The moral and ethical position of giving and receiving gifts can be somewhat confusing, requiring particular care to cultural differences. You may feel like hospitality gifts cannot be given or accepted in your business.
There is no doubt that offerings of gifts of hospitality have an important role in building business relationships. A meal with a supplier can help build a relationship; a corporate gift with your company’s name on it can remind a customer of you when they need a quote.
However, at times the line between what is thought of as a gift and what is considered a bribe can be a little grey, with the acceptance of a gift, leaving a company vulnerable to accusations of unethical or even unlawful conduct.
The ethical dilemma - when is a gift not a gift?
First, consider what the point of the gift is. Is it to sway, change or corrupt a relationship? Or is it simply a sign of thanks?
What’s the expectation?
It goes without saying that if the purpose of the gift is to create some expectation of a “favour” in return for the gift, then it more than likely isn’t a gift.
Timing is also important
Are you on the edge of closing a deal with a customer that if secured, would increase your bonus? Or, are you being offered a gift shortly before or during a tendering process? It is not just giving but also the accepting of gifts that could be punishable under law.
Consider whether the gift is appropriate and proportional to the level of the receiver.
What constitutes an over-the-top gift can be difficult to judge. For example, the duties of senior staff may require them to attend or sponsor events where hospitality is generous.
What may seem minor to a senior manager could be significantly more valuable to a junior employee. Sometimes, the exact value of a gift can be hard to determine.
There are also cross cultural considerations such as widely differing currencies and exchange rates that give a different perception of gift value.
Pick the person
Who is the gift for?
Giving gifts to certain persons, for example public officials, is often thought of as a facilitation payment and arouses suspicions. However, definitions of what constitutes a public official can vary.
In many countries, it can be difficult to tell the difference between an employee in a state owned enterprise and a member of the government who is also working within the state owned company.
A principle sometimes used to decide what is a fitting level of gift giving is that of reciprocity, i.e. if I accept an offer, am I able to offer the equivalent in value in return?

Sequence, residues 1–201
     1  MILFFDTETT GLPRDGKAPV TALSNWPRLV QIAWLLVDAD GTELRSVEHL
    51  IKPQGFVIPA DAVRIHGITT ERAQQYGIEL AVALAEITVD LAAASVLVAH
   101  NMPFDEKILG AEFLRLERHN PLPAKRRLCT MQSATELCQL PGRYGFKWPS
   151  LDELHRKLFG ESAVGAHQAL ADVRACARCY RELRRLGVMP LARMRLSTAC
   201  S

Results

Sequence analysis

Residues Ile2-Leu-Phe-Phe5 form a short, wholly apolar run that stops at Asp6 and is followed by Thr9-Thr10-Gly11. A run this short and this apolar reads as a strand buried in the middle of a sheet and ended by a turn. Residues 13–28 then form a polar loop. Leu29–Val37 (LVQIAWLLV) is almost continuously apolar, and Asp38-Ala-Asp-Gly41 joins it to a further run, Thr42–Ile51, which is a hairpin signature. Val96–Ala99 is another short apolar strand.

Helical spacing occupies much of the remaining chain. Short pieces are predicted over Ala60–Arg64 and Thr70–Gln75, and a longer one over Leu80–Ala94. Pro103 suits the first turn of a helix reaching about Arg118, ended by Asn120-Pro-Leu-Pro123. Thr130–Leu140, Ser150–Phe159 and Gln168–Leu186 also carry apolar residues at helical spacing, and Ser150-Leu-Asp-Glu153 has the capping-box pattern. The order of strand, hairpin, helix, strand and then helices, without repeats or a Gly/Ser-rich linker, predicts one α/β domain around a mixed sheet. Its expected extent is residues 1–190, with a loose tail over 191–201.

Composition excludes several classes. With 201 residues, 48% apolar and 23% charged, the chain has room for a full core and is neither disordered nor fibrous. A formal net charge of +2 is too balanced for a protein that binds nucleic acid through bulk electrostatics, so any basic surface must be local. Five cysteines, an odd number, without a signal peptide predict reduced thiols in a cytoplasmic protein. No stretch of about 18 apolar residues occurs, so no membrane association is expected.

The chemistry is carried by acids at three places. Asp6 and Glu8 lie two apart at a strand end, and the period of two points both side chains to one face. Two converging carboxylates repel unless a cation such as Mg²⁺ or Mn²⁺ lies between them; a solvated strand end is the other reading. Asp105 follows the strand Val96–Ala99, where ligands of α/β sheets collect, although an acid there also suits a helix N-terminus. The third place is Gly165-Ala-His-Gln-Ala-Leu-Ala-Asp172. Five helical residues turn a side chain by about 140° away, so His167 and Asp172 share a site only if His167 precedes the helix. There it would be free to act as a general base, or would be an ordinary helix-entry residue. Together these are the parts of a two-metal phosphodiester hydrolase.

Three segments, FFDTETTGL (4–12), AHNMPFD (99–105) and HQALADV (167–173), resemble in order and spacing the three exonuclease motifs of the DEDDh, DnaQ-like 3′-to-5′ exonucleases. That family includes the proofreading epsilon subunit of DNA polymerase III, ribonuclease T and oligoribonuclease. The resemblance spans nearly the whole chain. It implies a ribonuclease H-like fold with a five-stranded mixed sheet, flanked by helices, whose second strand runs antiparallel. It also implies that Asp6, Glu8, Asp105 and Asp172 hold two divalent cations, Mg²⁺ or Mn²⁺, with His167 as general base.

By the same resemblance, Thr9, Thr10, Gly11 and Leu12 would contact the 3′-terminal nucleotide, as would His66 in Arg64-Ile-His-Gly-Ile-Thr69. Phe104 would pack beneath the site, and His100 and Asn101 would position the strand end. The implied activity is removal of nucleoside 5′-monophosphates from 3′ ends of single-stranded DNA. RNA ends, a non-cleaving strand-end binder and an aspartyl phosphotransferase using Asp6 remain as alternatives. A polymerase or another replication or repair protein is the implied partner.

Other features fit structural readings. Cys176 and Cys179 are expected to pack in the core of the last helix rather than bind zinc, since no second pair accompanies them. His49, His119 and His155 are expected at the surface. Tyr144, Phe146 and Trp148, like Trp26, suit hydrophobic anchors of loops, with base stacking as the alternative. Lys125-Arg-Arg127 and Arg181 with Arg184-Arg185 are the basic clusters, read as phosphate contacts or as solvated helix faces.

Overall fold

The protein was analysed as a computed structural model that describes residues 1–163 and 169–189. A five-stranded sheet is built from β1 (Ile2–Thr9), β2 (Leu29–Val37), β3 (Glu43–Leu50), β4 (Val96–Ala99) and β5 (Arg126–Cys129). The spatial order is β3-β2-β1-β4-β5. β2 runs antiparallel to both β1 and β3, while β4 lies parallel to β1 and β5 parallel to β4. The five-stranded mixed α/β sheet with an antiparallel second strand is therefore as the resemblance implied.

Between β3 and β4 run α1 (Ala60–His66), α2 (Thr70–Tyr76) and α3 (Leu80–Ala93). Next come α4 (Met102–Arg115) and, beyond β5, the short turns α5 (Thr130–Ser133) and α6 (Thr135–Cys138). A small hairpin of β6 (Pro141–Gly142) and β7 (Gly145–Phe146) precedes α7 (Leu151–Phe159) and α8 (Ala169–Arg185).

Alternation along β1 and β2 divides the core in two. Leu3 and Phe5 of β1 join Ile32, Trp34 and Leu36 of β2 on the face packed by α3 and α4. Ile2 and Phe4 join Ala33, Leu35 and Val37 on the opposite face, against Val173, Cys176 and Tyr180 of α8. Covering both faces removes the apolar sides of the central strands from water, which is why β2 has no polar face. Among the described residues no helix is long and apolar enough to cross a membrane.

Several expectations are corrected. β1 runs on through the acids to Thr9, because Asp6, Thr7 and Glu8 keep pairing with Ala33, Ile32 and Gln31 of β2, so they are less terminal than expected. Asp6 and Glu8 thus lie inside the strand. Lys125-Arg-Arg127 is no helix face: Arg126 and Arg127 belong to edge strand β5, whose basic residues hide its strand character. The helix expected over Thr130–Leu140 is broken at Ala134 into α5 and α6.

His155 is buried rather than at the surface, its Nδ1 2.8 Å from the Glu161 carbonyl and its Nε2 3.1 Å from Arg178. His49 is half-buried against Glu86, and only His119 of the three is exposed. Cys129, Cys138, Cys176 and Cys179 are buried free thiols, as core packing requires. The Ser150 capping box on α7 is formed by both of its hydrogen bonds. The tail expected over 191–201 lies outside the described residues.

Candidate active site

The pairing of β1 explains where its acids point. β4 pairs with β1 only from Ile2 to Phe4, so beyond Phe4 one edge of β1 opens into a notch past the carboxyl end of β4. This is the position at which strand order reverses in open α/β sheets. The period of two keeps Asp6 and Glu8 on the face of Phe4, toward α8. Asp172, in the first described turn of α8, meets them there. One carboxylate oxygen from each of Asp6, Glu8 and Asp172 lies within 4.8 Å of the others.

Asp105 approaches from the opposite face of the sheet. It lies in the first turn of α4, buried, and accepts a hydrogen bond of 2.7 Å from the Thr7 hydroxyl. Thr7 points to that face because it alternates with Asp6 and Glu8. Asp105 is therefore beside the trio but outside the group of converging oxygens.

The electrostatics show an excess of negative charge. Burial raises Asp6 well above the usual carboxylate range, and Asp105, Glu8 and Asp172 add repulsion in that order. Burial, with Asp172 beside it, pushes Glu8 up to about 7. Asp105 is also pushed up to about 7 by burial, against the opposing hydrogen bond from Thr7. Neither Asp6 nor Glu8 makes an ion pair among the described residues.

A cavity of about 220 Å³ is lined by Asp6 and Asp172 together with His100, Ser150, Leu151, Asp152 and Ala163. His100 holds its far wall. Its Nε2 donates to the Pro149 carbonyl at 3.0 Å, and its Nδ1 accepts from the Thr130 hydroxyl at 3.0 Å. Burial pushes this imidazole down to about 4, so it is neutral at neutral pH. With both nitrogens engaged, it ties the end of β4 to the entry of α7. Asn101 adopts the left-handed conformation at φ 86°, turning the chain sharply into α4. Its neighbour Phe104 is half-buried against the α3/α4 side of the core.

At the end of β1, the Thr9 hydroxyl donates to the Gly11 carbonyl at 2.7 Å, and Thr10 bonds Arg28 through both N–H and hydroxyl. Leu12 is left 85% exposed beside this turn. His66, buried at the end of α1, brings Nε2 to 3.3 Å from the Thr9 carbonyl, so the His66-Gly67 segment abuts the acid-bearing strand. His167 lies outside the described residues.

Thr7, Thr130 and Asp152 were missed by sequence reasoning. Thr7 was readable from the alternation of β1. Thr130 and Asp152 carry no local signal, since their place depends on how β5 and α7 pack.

If the answer is “no”, then it may be seen as an attempt to buy favour and it is advisable not to accept.
How can companies support their staff affected by gift giving?
Many companies take a zero tolerance approach to gift giving and receiving. However, this isn’t always the most practical approach and can mean employees find themselves in awkward situations having to publically decline a gift.
This is particularly true for employees of multinational companies operating in countries where gift giving is an important cultural tradition and instrumental in building relationships.
Some companies have opted not to implement a global ban, but rather have set out a locally determined limit for the value of gifts that may be given or received.
Additional policies might be put in place when it comes to public officials, such as lowering the value limit on gifts or requiring employees to obtain management approval, regardless of the value.
Clear policy on gift giving
Employees need guidance with company policy on gift giving or accepting gifts, especially from accepting gifts from clients and gift giving in a business setting.
This includes seeking approval from their line manager or someone more senior and recording it in a hospitality register. Sometimes gifts of a higher value may be required to be donated. Gifts of high value can be auctioned to raise funds for charity.
Guidance is usually found in a company’s policy. This will outline the company’s position on gift giving and what defines gift giving, setting out good practice for employees.
A policy on giving and receiving gifts needs to be consistent with all other aspects of a company’s ethics programme to encourage high standards of integrity regarding decision-making and behaviour.
So, gift giving and receiving doesn’t need to be an awkward or suspicious occasion, rather a relation-building exercise. It just needs to be approached in a sensible and ethical manner.